Putting the right fuel in your body is essential for your day-to-day wellbeing and performance as well as longevity. Poor diet is linked with many chronic health conditions. We encourage our patients to clean up their diet when undergoing structural chiropractic care to maximise their body’s ability to heal, recover, and re-structure. Think of it this way, if a builder uses cheap materials to build your home it probably won’t last long. Each day your body produces millions of new cells PER SECOND, so make sure you get the appropriate raw materials for your body to make the best cells it can.

Tips

  1. My first recommendation when it comes to reading a food label, is NOT to. Why? Because the food you eat shouldn’t need labeling since it has only one ingredient in it. Most of your diet should be made up of plants, lots of vegetables, fruit, legumes, and grains. If you buy carrots, there are only carrots in the pack. If you buy potatoes, same deal. As a rule of thumb, the more processing steps involved in getting a product from its source to your plate, the less good it probably does for you and the more potential harm it has.
  2. Okay so every now and then you will need products that do have a label on them. The simplest way to approach this is if you can’t read, pronounce or understand the ingredients list, it’s probably not good for you (this is a general rule, and with rules, there are always exceptions).

These two tips can be very helpful if you are new to eating better and you are trying to clean up your act. Don’t get overwhelmed by all the information out there, start simple and keep educating yourself!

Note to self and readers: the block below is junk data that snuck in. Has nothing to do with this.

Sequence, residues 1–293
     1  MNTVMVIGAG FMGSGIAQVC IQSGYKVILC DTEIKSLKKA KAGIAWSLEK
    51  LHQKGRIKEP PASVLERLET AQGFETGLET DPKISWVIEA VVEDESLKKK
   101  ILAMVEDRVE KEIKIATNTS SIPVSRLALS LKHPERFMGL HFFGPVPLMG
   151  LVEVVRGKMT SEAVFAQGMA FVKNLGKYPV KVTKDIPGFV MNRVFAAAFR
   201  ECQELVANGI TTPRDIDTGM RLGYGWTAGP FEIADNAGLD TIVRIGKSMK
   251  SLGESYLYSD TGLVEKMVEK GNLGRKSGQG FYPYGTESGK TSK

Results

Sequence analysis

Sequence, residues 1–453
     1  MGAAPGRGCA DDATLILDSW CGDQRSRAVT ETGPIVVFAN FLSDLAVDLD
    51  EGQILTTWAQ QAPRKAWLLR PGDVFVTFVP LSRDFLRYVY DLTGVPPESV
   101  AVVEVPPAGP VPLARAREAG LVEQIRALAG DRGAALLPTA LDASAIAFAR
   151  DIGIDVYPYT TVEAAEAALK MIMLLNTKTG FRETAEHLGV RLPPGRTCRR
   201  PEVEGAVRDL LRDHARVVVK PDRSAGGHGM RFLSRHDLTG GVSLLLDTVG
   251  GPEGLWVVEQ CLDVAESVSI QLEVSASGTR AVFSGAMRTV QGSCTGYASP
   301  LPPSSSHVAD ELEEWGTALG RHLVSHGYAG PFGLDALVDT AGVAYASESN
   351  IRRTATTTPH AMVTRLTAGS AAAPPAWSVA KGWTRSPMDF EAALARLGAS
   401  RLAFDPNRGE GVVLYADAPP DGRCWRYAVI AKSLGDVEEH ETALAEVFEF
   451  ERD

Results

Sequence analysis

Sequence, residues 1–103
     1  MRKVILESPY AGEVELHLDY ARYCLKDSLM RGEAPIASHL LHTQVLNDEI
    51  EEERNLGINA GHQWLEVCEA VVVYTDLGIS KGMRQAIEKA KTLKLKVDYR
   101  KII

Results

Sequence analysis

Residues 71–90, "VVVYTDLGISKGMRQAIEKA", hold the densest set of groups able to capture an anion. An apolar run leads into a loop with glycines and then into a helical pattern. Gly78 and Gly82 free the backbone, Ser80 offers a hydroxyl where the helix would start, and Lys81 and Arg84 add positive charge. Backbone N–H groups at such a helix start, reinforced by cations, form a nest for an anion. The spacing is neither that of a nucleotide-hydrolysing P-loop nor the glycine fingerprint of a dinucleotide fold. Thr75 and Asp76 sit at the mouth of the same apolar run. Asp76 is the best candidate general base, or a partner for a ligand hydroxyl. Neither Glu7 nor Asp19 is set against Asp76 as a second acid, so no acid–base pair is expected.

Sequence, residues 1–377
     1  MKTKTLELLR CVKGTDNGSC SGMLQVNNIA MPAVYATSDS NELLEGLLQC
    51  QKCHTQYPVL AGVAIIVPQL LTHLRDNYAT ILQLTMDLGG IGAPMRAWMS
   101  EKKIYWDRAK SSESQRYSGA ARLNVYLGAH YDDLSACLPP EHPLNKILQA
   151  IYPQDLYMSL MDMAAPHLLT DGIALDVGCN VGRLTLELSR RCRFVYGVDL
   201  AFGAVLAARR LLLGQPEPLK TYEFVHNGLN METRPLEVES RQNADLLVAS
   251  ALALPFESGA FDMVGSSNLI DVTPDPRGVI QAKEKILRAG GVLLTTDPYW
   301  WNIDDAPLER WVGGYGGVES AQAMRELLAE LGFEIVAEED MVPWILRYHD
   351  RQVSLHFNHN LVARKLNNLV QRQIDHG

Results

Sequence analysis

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Eat Slowly

Here you are in the midst of modern society. No time. Rushed. Distracted. And eating… really, really fast. It seems like half the time you’re not even chewing our food properly! It’s time to discover eating slowly and what it can do for your health and well-being.

Learning to eat slowly is one of the simplest yet most impactful things you can do to improve your health. But it’s not always easy, so let’s explore why it’s so beneficial and worthwhile.

 

Hunger satisfaction

 

Eating slowly gives your body time to realize that it’s full. It takes 20 minutes from the start of your meal before your brain sends signals that it’s satisfied with the amount of food and nutrients you consumed. Imagine the extra calories you’ve been eating simply because you haven’t given enough time for your body to realize it longer needs food!

Eating until satisfied is different from eating until you’re full. Satisfied can be around 80% full, which is what you should aim for. When you take the time to slow down and take in each bite mindfully, paying attention to the tastes and textures of the food, you end up feeling way better about what you eat… even if it’s just a sandwich.

 

Improved Digestion

 

Before you even put the food in your mouth, your body’s digestive processes are already at work. As soon as we see, smell or think about food we begin to produce saliva which contains enzymes to break down the food and moisten the mouth to aid in swallowing. Your stomach then starts to secrete more acid and your small intestines start to prepare for movement and food transport.